Astronomy Picture of the Day

Discover the cosmos! Each day a different image or photograph of our fascinating universe is featured, along with a brief explanation written by a professional astronomer.

April 13, 1998

The Sun Changes
Credit: Learmonth Solar Observatory, IPS, USAF, NOAO

Explanation: Our Sun changes every day. This recent picture was taken in a very specific red color called Hydrogen-Alpha. Dark spots that might appear on the image are usually sunspots, dark magnetic depressions that are slightly cooler than the rest of the Sun's surface. Bright spots that might appear are usually plages, active regions that are slightly hotter than the rest of the Sun's surface. Over the next few years the average number of sunspots and plages will increase until "Solar Maximum" occurs in 2001. The Sun usually goes through a maximum and minimum every 11 years. From 1645 to 1715, however, almost no sunspots at all were recorded, for reasons unknown. (This picture will be automatically updated, so be sure to "reload" the image).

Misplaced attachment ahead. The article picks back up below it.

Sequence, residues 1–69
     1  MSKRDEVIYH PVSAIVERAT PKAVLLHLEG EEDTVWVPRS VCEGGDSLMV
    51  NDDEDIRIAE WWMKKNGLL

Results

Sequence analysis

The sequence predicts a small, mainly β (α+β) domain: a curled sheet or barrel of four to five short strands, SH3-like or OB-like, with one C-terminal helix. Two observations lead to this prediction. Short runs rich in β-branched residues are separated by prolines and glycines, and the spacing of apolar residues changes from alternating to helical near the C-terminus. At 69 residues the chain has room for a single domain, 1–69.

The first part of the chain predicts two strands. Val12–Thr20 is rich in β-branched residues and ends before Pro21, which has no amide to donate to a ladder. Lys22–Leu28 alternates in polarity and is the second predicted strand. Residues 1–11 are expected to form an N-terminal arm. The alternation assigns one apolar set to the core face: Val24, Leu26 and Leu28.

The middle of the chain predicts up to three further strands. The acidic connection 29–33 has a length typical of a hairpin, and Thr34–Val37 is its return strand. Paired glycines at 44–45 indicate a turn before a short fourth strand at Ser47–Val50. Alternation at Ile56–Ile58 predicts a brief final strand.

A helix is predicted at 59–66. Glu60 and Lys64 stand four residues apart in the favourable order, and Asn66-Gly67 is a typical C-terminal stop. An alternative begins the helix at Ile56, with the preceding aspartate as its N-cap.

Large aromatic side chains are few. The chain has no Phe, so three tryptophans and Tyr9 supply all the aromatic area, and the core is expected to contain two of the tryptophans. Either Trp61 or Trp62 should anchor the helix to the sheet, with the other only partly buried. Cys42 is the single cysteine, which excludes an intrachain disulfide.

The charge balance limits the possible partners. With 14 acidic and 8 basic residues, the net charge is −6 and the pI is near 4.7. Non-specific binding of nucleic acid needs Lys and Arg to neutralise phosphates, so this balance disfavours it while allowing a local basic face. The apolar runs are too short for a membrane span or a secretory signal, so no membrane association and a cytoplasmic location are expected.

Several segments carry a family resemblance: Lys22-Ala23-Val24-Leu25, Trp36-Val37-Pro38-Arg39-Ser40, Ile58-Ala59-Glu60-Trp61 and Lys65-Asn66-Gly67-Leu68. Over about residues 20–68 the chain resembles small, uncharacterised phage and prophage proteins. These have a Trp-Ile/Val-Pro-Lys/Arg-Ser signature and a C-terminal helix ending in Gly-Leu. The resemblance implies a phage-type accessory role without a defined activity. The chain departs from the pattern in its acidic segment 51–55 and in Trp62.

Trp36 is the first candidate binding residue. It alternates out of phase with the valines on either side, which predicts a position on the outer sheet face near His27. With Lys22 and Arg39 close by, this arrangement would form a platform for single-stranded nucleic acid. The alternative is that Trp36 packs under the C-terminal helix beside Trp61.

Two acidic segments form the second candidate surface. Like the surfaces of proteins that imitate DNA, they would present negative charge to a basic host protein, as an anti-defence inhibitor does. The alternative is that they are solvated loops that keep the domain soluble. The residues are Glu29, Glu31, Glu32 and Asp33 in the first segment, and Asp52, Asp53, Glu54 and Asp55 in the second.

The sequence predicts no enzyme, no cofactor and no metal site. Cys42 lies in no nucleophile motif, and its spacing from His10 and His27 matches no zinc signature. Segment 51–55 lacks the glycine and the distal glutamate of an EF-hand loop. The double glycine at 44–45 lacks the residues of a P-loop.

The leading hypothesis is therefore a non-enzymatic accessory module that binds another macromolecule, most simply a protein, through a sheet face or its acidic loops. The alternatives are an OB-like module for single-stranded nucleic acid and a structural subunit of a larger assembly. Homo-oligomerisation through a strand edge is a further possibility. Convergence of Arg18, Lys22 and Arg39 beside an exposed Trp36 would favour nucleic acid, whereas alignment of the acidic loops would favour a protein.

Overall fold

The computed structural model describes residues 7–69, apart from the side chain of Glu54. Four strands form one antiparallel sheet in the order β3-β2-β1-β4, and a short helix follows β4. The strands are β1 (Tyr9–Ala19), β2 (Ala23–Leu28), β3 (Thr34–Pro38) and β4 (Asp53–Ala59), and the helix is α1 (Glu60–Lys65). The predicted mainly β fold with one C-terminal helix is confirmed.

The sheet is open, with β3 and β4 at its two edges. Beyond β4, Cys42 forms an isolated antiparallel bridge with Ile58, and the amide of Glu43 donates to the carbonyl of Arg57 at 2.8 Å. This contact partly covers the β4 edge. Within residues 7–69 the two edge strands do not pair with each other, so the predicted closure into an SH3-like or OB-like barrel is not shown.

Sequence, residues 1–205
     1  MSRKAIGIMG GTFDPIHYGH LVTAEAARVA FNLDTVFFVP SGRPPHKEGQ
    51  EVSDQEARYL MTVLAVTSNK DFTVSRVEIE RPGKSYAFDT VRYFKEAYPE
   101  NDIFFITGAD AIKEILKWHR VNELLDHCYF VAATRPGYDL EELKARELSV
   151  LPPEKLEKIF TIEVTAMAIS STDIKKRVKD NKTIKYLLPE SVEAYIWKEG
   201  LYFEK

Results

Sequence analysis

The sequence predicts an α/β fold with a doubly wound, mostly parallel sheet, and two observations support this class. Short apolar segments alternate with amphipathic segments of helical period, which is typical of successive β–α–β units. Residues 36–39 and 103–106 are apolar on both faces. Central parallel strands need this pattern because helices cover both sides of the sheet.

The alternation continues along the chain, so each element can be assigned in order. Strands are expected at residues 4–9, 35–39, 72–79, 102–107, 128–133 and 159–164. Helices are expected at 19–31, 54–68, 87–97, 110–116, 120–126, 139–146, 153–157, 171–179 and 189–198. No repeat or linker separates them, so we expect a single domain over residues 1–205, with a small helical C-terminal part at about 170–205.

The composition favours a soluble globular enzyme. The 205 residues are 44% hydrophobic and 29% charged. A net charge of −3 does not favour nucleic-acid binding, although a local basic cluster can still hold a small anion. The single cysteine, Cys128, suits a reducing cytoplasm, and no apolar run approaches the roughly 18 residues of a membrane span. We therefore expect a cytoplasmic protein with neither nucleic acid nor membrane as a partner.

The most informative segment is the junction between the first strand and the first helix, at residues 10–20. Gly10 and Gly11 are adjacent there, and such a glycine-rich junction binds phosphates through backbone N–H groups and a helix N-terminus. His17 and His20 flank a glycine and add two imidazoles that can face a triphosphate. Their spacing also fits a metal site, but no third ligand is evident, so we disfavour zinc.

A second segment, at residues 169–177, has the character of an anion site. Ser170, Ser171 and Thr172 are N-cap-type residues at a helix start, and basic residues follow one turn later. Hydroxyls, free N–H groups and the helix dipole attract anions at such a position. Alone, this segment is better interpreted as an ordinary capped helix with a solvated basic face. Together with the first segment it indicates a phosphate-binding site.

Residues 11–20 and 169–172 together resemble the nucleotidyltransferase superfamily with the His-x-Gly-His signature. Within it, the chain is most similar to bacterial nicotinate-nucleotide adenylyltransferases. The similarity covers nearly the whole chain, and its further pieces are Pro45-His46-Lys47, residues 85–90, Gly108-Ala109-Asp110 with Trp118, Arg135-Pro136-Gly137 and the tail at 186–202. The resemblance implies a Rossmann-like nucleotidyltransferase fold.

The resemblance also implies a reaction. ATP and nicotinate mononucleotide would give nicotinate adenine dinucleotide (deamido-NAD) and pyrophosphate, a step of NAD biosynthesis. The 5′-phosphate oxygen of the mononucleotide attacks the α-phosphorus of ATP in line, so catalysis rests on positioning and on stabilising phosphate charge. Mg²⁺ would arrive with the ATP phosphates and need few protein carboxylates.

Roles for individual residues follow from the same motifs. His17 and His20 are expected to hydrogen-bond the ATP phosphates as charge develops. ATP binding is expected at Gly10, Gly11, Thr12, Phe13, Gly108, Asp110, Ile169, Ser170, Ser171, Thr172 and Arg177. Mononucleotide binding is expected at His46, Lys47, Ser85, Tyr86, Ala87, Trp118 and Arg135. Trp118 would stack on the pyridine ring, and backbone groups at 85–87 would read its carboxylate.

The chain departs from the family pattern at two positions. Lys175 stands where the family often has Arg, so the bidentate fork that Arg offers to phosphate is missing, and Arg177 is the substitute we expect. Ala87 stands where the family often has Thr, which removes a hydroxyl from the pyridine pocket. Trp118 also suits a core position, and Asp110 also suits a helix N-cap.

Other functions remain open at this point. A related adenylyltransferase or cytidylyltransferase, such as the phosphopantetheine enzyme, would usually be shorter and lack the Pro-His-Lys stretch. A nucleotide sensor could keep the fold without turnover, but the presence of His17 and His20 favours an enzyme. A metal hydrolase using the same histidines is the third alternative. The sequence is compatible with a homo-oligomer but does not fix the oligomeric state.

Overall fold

Tomorrow's picture: Starlight Reflections


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Authors & editors: Robert Nemiroff (MTU) & Jerry Bonnell (USRA)
NASA Technical Rep.: Jay Norris. Specific rights apply.
A service of: LHEA at NASA/ GSFC
&: Michigan Tech. U.